November 7th, 2013
Los Angeles and San Francisco Daily Journal
Early Sullivan partner Stephen Ma was quoted in Andrew McIntyre’s October 25, 2013 Los Angeles Daily Journal article “REITs Look to Private Offerings.”
With the 2012 Jumpstart Our Business Startups Act, or JOBS Act, rule that last month lifted an 80-year-old ban on public advertising for investments, some nontraded real estate investment trusts have started looking at alternatives to a costly registration filing with the Securities and Exchange Commission. The move comes amid a record fundraising year for nontraded REITS, having already raised $12 billion – the most ever in a single year – according to a report by The Investment Program Association and Robert A. Stanger & Co. Inc.
Darryl Steinhause, a partner at DLA Piper in San Diego, said REITs, which already have a laundry list of complex requirements to meet in order to maintain their status, are now opting for so-called Rule 506(c) private placement offerings under the new rule. He recalled a REIT client who had earlier planned to register its securities with the SEC under an S-11 filing as saying, “Why would we do that? It will cost us $7 million to $12 million to get our REIT really going.” The client, which Steinhause declined to name, determined it could instead do a 506(c) offering for a matter of a few hundred thousand dollars to try to reach its fundraising target of $50 million.
Rule 506 offerings themselves are not new, but 506(c) offerings allow companies to advertise to the general public – on the radio, television, or even via billboards on U.S. Route 101 – and represent a potential game changer in the fundraising world. Such offerings can still only be sold to accredited investors, who are individuals with annual incomes of more than $200,000 – $300,000 for couples – or assets, excluding primary residence, of more than $1 million.
Lawyers use similar sets of documents for 506 and S-11 offerings, and disclosures are similar. But structure aside, the offerings are miles apart. S-11 offerings have to be reviewed by the SEC and, unless they qualify for an exemption, are subject to state-by-state review, while 506 offerings aren’t subject to any review. It takes months and costs millions to set up S-11 offerings, while 506 offerings take just weeks and cost thousands. Furthermore, companies that do 506 offerings don’t have to reveal information that their competitors might use to gain an upper hand.
“If I was putting together a REIT and wanted to buy distressed properties in Riverside, and had to put projections in a filing with the SEC, and someone saw that, someone could steal my thunder pretty easily,” said Samuel C. Dibble, a corporate partner at Farella Braun & Martel LLP in San Francisco.
The recovering real estate market has boosted fundraising for nontraded REITs, which this year has already broken the $11 billion record set in 2007. There has also been considerable transactional activity in the nontraded REIT space. American Realty Capital Trust IV Inc., for one, has a pending $3.1 billion sale to publicly-traded American Realty Capital Properties Inc.
“Many in the real estate industry will likely utilize this law to raise equity,” said David P. Lari, a real estate partner at Cox Castle & Nicholson LLP in Los Angeles. “I think you’ll see the new law used more in the higher-risk, higher-reward real estate transactions.”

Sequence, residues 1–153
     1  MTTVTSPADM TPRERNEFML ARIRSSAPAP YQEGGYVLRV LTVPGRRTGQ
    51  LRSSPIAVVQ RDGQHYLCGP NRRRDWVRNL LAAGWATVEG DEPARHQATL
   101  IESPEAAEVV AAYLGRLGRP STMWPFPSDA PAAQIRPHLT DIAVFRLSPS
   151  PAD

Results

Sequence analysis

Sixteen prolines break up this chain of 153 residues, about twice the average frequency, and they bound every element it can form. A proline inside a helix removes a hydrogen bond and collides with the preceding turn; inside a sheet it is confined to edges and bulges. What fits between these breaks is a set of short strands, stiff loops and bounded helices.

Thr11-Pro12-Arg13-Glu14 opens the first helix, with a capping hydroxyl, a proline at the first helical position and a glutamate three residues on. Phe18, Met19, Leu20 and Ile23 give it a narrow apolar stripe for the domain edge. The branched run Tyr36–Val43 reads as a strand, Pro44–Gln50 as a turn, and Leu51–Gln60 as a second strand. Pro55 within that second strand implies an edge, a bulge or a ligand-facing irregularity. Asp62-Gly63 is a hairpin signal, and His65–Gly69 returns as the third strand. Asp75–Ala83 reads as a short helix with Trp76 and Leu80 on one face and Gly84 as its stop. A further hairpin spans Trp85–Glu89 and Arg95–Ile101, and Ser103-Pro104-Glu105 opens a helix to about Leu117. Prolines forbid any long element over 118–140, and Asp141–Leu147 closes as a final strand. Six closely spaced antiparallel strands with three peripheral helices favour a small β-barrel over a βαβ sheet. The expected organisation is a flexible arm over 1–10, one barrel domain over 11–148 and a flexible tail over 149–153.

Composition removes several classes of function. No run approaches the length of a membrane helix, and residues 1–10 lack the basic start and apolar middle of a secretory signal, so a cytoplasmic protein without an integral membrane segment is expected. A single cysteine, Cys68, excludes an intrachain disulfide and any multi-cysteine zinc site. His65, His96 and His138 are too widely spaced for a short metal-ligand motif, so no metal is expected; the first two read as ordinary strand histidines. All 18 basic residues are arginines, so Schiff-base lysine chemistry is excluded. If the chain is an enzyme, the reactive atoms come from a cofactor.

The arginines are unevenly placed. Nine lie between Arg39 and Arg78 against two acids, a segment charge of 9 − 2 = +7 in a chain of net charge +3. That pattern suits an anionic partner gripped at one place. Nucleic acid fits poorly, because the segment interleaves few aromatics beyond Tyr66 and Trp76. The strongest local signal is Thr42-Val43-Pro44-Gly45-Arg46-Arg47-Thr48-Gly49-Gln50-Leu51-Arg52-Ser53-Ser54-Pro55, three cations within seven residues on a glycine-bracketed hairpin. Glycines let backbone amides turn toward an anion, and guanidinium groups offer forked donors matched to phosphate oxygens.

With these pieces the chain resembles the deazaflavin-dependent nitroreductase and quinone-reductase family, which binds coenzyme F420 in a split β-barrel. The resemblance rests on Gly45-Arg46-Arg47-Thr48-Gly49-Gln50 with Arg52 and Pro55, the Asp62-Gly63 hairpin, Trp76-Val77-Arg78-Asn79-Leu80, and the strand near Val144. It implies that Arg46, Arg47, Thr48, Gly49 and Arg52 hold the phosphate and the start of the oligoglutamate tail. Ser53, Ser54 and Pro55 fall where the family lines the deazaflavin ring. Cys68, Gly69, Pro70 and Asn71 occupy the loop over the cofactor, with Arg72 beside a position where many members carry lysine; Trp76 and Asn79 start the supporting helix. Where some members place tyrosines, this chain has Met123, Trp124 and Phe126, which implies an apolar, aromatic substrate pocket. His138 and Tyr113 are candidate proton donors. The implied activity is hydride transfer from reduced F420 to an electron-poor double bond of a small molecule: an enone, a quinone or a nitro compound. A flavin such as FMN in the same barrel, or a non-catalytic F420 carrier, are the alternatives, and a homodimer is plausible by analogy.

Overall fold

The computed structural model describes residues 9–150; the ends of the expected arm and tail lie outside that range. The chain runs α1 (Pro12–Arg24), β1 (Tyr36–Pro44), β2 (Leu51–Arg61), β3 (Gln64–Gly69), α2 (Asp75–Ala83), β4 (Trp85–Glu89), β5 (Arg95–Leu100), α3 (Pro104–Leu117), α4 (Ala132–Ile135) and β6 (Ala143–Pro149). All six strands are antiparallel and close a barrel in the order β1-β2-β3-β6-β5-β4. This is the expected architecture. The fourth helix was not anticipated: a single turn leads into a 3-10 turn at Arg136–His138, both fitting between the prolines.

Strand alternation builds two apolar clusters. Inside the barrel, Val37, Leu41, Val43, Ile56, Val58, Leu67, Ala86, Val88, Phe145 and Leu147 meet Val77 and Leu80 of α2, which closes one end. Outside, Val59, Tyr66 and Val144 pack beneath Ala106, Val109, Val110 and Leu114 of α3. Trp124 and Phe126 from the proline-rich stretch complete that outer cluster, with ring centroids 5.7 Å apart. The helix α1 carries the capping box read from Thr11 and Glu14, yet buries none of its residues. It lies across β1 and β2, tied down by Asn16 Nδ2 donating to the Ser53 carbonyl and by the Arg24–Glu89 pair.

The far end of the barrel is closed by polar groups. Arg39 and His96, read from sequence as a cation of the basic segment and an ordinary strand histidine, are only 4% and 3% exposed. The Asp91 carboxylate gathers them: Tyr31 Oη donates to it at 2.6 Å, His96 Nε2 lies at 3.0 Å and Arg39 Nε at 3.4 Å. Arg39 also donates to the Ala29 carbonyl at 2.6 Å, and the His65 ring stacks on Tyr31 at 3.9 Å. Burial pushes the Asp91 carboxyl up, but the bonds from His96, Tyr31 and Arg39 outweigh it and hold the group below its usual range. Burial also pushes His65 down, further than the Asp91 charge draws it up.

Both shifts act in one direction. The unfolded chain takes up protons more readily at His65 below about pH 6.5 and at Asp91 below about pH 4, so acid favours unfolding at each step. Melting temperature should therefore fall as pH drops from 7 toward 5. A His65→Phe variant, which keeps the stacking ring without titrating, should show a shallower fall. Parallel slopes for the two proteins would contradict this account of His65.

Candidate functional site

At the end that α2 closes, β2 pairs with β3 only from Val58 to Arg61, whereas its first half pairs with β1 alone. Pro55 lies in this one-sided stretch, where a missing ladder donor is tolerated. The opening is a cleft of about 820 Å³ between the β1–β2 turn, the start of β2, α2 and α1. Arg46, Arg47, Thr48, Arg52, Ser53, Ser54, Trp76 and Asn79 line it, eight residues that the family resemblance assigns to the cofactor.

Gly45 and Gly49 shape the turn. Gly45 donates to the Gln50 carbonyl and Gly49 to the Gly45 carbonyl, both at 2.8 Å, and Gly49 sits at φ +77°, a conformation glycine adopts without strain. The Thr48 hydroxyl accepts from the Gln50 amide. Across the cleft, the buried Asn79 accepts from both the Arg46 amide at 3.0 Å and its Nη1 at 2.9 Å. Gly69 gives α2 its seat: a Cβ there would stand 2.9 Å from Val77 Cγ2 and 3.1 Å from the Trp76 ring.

The SEC on Wednesday voted to move forward with the second of its JOBS Act provisions, the long-awaited crowdfunding rule designed to help startups raise capital in so-called online “portals.” Lawyers say this would impact a host of companies including REITs, although the SEC still needs another vote on that measure before it could go into effect.
“The REIT scenario is very interesting. … There are people who have been sitting on money since 2008 who are looking to invest in real estate,” said Stephen Y. Ma, a partner at Early Sullivan Wright Gizer & McRae LLP in Los Angeles. “The trick is, they’ve got to have the resources – the lawyers, the consultants – to make sure they’re complying with the rules.”
Indeed, that question of compliance is a sticking point for some companies, but also a source of work for lawyers.
“I’ve had a lot of clients ask,” Farella Braun’s Dibble said, “and say, ‘We won’t be the guinea pig here.'”
The SEC can’t fault companies for advertising, but as the agency comes out with new guidance on the process of documenting accredited investors, it could fault companies for not complying in that arena, say lawyers. And, of course, whenever there is a loosening of regulations, there is a heightened chance for fraud.
“Any real estate type of entity out raising capital may want to avail itself to the loosened restrictions,” said Seith Weissman, a partner at Jeffer Mangels Butler & Mitchell LLP in Los Angeles. “Until the new regulations come out, there’s going to be a lot of cursory interest in the topic. I don’t think you’ll see a massive flood of new types of advertising or investment.
Michele W. Layne, director of the SEC’s Los Angeles regional office, declined to comment on the topic, and the SEC in Washington, D.C. couldn’t be reached for comment.
Despite the uncertainties, Steinhause said other companies have come to him. He thinks REITs may use the opportunity to advertise 506 offerings as way of testing the water before perhaps later filing an S-11.
“What I think what you will see is that some REITs will do a 506(c) offering to see how viable the REIT concept is for that sponsor,” Steinhause wrote in an email. “After they have established a track record and own specified properties, it will make it much easier to sell their REIT shares in a publicly registered offering.”